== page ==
During the Readathon, I read two collections of folk tales. The first, Nine Magic Pea-Hens, is a collection of 35 Serbian folk tales collected by Vuk Karadzic. The second, Alexander and the Golden Bird, is a set of 19 Danish Folk Tales collected by Reginald Spink. Both are short – just over 100 pages each – and some “stories” are a mere paragraph or two long.
Normally I don’t read story collections quickly, because each story feels like an individual tale, and when I read too many in a row, I get a bit exhausted and muddled. However, these were folk tales rather than stories, with no characterization at all. These are old, tales told to teach lessons to children. Some were recognizable as related to fairy tales I grew up with, like Cinderella. Many of them were circular in nature, and some felt like there were pieces missing. (One Serbian tale, actually, had a note on it explaining that a piece was missing.) They were parables and jokes, and at one point, I had the oddest sense while reading, because some of the phrasing and general bizarre nature of the stories reminded me a lot of Kafka’s short stories (especially the short-shorts). They ended up being perfect for Readathon, breaking up some of the longer reads, and I’m glad I stumbled across both books at the recent book sale I went to!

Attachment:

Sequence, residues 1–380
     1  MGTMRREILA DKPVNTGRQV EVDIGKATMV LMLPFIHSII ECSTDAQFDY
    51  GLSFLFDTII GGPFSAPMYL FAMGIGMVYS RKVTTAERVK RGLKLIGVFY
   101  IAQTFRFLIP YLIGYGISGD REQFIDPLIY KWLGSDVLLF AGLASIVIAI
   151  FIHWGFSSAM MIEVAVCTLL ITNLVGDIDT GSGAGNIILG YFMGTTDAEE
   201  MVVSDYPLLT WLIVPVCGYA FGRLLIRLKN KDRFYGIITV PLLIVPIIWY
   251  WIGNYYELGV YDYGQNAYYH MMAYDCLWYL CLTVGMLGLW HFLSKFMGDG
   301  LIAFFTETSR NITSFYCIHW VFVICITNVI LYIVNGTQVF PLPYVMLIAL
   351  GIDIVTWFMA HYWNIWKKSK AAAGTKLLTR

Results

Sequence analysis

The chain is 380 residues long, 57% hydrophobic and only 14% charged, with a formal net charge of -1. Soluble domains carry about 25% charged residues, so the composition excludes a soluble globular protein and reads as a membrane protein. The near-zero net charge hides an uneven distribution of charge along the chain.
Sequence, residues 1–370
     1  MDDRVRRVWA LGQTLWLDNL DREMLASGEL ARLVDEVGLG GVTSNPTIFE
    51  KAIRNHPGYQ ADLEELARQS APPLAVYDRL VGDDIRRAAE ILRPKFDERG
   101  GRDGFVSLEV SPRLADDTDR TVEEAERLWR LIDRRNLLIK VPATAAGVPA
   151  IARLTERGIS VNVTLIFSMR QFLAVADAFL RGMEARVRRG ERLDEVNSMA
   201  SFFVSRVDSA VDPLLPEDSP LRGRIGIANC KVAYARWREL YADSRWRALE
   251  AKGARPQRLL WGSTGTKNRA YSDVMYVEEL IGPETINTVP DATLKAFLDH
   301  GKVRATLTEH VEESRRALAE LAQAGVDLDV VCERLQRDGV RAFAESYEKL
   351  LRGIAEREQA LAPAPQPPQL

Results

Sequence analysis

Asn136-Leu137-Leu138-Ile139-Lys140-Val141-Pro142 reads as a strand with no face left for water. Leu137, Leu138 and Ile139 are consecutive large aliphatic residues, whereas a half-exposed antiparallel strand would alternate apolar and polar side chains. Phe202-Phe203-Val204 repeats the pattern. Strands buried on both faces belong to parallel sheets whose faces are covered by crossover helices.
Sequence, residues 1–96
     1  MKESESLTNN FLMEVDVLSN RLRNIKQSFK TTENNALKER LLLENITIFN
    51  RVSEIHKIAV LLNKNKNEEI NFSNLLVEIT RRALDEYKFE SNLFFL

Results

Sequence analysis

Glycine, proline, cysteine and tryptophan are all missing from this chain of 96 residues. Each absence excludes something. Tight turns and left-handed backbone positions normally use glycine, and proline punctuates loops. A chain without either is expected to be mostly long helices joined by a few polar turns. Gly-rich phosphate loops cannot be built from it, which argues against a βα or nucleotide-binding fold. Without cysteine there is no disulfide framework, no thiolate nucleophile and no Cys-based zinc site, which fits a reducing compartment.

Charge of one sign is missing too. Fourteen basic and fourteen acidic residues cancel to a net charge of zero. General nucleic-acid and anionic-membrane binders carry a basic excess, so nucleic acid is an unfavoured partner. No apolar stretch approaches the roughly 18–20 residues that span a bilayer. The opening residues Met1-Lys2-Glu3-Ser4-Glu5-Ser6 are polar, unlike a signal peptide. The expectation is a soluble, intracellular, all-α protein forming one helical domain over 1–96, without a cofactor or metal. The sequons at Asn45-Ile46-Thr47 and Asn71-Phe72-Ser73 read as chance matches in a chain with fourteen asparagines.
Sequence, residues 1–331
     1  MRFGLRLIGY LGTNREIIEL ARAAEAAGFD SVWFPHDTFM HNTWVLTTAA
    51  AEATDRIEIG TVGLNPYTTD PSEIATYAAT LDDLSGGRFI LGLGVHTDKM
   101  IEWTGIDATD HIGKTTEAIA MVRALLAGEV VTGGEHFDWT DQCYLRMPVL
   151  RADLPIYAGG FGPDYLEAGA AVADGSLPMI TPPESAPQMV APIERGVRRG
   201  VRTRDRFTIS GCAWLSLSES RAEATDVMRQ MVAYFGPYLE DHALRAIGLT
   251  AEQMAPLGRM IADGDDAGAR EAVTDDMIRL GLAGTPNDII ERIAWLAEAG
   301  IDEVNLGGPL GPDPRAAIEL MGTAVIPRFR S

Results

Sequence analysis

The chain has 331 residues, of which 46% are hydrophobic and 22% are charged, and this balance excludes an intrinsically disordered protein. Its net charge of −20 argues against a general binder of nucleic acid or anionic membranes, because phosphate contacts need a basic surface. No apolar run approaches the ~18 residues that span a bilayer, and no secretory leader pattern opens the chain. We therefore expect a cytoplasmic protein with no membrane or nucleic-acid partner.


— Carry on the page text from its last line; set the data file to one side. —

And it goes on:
Note: Translated from the Serbian and Danish, respectively.